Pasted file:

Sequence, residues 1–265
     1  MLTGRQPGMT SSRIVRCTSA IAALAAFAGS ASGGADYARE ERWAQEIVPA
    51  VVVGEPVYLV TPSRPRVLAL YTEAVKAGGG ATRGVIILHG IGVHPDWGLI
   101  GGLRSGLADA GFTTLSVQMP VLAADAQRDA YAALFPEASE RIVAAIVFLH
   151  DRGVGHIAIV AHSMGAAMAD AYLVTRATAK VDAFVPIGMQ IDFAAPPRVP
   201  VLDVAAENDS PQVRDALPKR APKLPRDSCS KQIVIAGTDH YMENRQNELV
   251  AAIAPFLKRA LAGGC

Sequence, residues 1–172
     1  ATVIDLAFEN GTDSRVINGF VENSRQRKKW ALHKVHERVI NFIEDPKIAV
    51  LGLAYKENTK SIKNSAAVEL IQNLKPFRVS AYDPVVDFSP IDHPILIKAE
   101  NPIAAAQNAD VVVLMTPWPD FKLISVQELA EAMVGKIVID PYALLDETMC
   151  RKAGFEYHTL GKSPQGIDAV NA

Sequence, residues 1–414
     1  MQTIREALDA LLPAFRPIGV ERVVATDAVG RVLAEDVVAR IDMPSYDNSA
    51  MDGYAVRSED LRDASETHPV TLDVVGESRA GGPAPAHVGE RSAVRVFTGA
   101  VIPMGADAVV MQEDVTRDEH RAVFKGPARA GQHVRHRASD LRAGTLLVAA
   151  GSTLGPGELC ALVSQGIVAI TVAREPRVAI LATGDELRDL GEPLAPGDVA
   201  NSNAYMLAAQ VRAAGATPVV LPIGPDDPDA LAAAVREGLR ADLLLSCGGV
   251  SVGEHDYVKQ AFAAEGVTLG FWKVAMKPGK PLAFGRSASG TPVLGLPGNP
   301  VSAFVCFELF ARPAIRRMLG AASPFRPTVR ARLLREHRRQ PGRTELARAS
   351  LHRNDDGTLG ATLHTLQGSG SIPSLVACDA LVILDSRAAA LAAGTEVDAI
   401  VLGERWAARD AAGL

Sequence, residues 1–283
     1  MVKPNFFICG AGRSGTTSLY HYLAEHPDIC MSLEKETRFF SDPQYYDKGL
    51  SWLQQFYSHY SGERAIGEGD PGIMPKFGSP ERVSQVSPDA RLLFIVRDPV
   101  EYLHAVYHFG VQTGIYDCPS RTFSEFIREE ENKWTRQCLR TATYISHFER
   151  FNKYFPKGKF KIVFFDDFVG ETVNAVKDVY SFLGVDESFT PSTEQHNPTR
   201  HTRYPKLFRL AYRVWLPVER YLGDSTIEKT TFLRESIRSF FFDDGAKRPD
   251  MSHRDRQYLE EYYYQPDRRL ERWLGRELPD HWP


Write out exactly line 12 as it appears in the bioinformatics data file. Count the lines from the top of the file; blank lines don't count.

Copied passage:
   151  RKAGFEYHTL GKSPQGIDAV NA